In a disgraceful political stunt, Immigration Minister Chris Bowen has announced new laws to strip asylum seekers of visa rights. This is a further effort to blame asylum seekers for the detention crisis of the government’s own creation.
It follows hunger strikes at Curtin detention centre and a rooftop protest and chaos at Villawood.
The government wants to re-introduce temporary visas for any asylum seeker convicted of a criminal offence in detention, in an effort to punish protesters. This is a return to the Howard policy of temporary protection visas—which Labor scrapped in 2007.
A temporary visa would deny refugees the right to bring family members to Australia, and allow the government to deport them if it decides conditions in their country have “improved”.
Howard’s temporary visa system was a policy stolen straight from Pauline Hanson. Refugees were left in limbo for a further three to five years after they were accepted as refugees, when they had to reapply for refugee status. Only then would they find out whether they could stay.
Studies by mental health experts concluded this left refugees with “intense and disabling fear and terror about their future”.
This move comes in the wake of a media campaign against asylum seekers at Sydney’s Villawood detention centre, who burnt down several buildings during a protest.
The media denounced them as “criminals” and the government responded by throwing 22 people into Silverwater prison. As Solidarity went to press a week later they had not been charged with anything—yet they were still being held in solitary confinement. Solicitor Stephen Blanks said they were, “locked down for 18 hours a day… There are no toothbrushes, no showers, not even any toilet paper.”
But it is the government’s own policies that are producing the protests and despair inside detention. Report after report by mental health experts has shown that the longer asylum seekers are left in limbo, not knowing what is happening to their claims, the more the risk of suicide, self harm and mental illness grows.
The time people are spending in detention is growing. Statistics from March show almost 800 asylum seekers had been there for over a year. When Labor came into office, it announced its aim was to limit detention to 90 days (although not on Christmas Island). Now about 85 per cent of asylum seekers in detention, almost 6000 people, have been there longer than that.
Serco guards cause chaos
Violence at the Christmas Island detention centre in March was sparked when Serco and the Federal Police decided to organise a “show of force” and attacked a peaceful protest.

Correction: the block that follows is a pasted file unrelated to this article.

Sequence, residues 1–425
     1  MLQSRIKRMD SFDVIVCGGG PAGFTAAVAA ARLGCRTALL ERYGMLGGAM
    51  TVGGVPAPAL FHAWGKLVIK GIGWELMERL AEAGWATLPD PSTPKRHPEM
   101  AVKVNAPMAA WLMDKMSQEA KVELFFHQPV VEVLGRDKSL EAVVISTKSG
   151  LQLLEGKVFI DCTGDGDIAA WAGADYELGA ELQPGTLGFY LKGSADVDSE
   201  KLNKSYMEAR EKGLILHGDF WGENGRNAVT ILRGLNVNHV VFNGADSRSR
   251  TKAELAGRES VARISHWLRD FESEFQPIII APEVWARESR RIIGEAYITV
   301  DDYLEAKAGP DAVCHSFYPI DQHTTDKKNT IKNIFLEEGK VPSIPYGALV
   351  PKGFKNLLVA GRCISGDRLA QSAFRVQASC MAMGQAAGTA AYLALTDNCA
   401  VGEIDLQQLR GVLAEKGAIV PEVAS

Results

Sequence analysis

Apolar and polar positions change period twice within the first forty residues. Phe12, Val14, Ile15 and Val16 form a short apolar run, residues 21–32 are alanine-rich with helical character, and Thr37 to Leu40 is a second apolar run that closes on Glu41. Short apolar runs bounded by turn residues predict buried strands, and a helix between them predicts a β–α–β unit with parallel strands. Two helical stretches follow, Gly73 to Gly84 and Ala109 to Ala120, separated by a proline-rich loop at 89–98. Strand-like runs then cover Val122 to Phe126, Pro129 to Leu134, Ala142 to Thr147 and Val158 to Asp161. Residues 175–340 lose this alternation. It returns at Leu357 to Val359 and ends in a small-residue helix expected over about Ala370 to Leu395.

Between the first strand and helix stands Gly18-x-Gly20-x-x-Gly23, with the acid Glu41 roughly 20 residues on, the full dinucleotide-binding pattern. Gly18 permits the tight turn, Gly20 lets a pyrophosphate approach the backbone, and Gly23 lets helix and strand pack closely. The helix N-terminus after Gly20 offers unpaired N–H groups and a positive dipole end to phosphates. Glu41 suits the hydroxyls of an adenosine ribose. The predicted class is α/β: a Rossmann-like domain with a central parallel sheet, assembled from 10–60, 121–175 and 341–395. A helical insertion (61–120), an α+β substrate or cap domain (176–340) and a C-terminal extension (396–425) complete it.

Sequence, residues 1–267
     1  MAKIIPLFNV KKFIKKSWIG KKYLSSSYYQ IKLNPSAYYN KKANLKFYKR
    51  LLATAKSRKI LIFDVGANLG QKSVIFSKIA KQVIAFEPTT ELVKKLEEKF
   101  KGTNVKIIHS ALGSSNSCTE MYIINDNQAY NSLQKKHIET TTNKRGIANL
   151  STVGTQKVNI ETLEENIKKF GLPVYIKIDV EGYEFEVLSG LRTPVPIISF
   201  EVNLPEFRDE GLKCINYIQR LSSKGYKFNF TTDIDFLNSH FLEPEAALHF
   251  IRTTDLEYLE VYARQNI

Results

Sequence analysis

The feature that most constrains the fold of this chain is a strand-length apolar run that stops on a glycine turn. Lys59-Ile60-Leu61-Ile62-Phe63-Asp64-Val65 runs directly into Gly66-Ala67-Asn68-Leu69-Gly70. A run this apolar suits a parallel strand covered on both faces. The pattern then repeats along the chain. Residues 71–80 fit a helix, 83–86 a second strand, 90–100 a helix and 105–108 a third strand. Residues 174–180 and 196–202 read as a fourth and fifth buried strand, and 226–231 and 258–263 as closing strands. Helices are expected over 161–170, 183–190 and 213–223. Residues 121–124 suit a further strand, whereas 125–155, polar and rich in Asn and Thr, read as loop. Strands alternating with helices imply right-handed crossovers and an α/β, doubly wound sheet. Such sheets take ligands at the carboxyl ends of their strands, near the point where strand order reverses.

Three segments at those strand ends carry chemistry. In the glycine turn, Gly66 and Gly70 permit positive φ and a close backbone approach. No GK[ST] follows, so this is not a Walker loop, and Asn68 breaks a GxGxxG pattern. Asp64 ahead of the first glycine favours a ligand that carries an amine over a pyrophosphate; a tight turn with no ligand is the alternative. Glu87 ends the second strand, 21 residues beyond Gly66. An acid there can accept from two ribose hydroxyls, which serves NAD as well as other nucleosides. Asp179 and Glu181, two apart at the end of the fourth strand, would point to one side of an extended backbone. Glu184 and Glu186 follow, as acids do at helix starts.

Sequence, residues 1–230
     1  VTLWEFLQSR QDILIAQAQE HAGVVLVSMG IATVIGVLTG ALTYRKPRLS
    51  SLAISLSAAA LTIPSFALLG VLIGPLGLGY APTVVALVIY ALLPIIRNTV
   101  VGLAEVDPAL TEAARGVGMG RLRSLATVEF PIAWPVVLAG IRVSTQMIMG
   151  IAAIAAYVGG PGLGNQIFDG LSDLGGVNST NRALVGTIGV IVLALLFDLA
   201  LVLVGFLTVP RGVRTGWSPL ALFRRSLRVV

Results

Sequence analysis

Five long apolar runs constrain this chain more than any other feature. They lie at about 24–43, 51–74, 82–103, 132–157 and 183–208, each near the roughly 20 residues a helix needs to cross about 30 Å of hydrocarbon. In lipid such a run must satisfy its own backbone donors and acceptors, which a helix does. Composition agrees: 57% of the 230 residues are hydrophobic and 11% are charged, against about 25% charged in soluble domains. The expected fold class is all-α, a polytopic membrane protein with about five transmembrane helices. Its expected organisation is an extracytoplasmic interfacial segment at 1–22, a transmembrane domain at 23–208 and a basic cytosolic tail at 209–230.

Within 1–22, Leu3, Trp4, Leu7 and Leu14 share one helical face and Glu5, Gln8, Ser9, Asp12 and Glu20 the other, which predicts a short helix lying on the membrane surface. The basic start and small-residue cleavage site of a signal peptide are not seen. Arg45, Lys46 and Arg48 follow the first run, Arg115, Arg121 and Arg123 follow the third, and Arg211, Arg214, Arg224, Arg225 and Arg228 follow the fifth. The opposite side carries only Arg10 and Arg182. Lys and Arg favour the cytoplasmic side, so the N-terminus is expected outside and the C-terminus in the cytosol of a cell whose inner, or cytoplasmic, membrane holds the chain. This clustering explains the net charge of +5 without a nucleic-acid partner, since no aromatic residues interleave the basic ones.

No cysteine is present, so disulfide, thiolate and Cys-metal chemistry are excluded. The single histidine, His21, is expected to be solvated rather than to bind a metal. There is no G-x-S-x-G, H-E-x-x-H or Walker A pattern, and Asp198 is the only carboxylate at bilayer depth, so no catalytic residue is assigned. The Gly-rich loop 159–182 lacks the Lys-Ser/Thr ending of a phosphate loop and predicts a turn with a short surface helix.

At Villawood, there are suggestions that it was again the conduct of Serco guards that allowed the situation to escalate. Investigators from workplace safety watchdog Comcare, who visited the centre a few days before the protests, described it as a “basket case”, according to the Weekend Australian.
Three security guards currently working at the centre, who spoke to independent journalist Antony Loewenstein, said staff are routinely told to perform tasks for which they are not trained.
The protest this time began when 13 asylum seekers again took to the roof of the centre in protest. Later that night a protest of 100 asylum seekers set parts of the centre alight.
After a full week three men, Iranian Majid Parhizkar and Kurds Mahdi Darabi and Amir Morad Masoor, remained on the roof. Serco denied them food the whole time. Majid told the media, “None of us is going to come down while we don’t have hope for our future.”
About 250 protesters rallied outside the centre to support them on Easter Monday, exchanging chants of “freedom” with the rooftop protesters.
The rally coincided with a protest at Melbourne’s Maribyrnong detention centre and a convergence of 60 refugee supporters to WA’s remote Curtin detention centre.
Many of the activists at Curtin travelled for two days by bus from Perth. They had submitted applications to visit 100 asylum seekers between them, but Serco set out to lie and obstruct the visits.
In the days before their arrival, 700 asylum seekers signed a letter to Serco requesting a delegation from the activists be allowed into the centre to meet them.
When Serco announced it was changing visiting rules and only allowing one-on-one visits, asylum seekers refused the conditions and began a protest. At least 300 joined a hunger strike and sit in.
With about 1500 asylum seekers inside Curtin, Serco’s restrictions would have allowed only 56 people to see visitors. The refugee activists blockaded the road into the detention centre in solidarity, and 16 were arrested and issued with move on orders.
There have been more protests in Christmas Island too, with five men holding a rooftop protest for two days.
The protests in detention are evoking memories of the suffering caused by Howard’s detention regime. Under Howard, the refugee movement forced the dismantling of the detention regime—now we need to do it again.
By James Supple